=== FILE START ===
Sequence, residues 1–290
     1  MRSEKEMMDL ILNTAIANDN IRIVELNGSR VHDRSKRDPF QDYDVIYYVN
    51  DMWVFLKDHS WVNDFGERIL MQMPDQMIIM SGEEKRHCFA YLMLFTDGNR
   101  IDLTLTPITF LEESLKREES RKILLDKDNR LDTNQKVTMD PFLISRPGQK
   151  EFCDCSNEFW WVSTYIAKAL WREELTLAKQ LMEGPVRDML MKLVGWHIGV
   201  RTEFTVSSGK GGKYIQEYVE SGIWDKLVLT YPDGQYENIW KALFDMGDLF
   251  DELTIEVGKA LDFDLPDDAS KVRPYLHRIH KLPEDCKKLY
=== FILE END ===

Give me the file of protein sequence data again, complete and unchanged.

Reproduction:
Sequence, residues 1–290
     1  MRSEKEMMDL ILNTAIANDN IRIVELNGSR VHDRSKRDPF QDYDVIYYVN
    51  DMWVFLKDHS WVNDFGERIL MQMPDQMIIM SGEEKRHCFA YLMLFTDGNR
   101  IDLTLTPITF LEESLKREES RKILLDKDNR LDTNQKVTMD PFLISRPGQK
   151  EFCDCSNEFW WVSTYIAKAL WREELTLAKQ LMEGPVRDML MKLVGWHIGV
   201  RTEFTVSSGK GGKYIQEYVE SGIWDKLVLT YPDGQYENIW KALFDMGDLF
   251  DELTIEVGKA LDFDLPDDAS KVRPYLHRIH KLPEDCKKLY